(3) NOTE: The nondiscrimination rules apply to all group insured employer plans, even small employers.
(4) Nondiscrimination failure penalty. Penalties are $100/day for each individual for whom the failure relates for each day of noncompliance.
(1) . Employers with more than two hundred (200) full time employees were originally required to auto enroll employees effective as of March 1, 2013, but the requirement has been delayed until the DOL issues guidance and that guidance is not expected until 2014.
(2) . Employers who issued more than two hundred fifty (250) W-2s for the 2011 tax year, must report coverage under any group health plan provided by the employer on the W-2s issued in January 2013 for the 2012 tax year. The reporting requirement applies to both private and public employers. Report the total value of the employer-provided health coverage in Box 12 and use Code DD. The total value is the sum of employer and employee contributions. If insured, report the premium and if self-insured, report the COBRA cost, without the 2% administrative charge. This applies to the core medical benefit, and does not include the cost of separate ancillary coverage, e.g. dental or vision.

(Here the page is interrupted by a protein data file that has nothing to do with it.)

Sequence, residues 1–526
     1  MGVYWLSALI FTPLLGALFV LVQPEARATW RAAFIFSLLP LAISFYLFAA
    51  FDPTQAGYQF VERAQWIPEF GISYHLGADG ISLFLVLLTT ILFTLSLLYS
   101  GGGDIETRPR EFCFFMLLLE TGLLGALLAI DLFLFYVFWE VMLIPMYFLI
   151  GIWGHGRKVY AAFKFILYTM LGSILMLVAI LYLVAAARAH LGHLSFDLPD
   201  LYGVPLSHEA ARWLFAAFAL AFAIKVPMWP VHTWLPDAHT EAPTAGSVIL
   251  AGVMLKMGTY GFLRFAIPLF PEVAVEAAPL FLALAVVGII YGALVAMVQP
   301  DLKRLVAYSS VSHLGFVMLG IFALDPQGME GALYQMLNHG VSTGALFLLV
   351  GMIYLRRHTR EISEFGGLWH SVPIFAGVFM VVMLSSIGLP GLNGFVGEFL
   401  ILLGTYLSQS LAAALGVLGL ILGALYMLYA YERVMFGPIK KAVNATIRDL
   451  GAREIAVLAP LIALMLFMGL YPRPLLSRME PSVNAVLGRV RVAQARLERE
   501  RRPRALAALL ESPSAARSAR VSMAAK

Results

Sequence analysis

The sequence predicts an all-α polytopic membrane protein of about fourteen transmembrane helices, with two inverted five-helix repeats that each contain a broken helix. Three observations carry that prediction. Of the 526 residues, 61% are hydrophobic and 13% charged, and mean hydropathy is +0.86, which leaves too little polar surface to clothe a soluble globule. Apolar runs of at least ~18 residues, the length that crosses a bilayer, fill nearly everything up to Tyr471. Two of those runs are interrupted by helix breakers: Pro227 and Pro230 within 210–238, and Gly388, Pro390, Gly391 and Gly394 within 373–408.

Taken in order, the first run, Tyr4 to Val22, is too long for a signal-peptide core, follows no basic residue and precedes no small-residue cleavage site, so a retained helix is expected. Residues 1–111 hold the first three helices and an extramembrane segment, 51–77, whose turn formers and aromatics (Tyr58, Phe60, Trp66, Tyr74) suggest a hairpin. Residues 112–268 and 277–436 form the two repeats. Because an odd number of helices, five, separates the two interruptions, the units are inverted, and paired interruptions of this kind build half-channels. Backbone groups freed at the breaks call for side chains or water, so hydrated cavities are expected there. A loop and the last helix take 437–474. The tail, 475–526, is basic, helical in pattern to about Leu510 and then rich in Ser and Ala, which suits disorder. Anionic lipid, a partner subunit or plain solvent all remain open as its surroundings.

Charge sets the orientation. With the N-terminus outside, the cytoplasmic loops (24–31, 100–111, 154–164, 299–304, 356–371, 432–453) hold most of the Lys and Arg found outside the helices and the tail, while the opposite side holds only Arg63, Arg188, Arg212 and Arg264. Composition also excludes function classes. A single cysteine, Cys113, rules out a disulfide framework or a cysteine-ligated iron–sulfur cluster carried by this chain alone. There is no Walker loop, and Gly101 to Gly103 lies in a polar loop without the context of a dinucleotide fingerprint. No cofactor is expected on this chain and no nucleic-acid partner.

(1) . Group insurance providers and self insured plans will pay $1/capita for plan years ending after October 1, 2012 and $2/capita for plan years ending after October 1, 2013 and before October 1, 2014; and thereafter the rate is adjusted for medical inflation. HRAs are subject to the fee if not aggregated with a self-insured plan. A HRA maintained in conjunction with a group insurance plan will be subject to the fee. This is scheduled to be phased out in 2019. The filing of Form 720 is due by July 31st of the calendar year following the end of the plan year.
(2) . To the extent that health insurers do not meet certain medical loss ratios, rebates are paid to the plan. The rebates may be held as a plan asset subject toERISA fiduciary rules or, if re-distributed to participants within three (3) months of receipt, are exempted from the fiduciary rules.
(3) . Employee FSA limit is $2500 per employee. This would allow husband and wife $2500 each, up to total of $5000, even if H & W are employed by the same employer. Plans must be amended by December 31, 2014.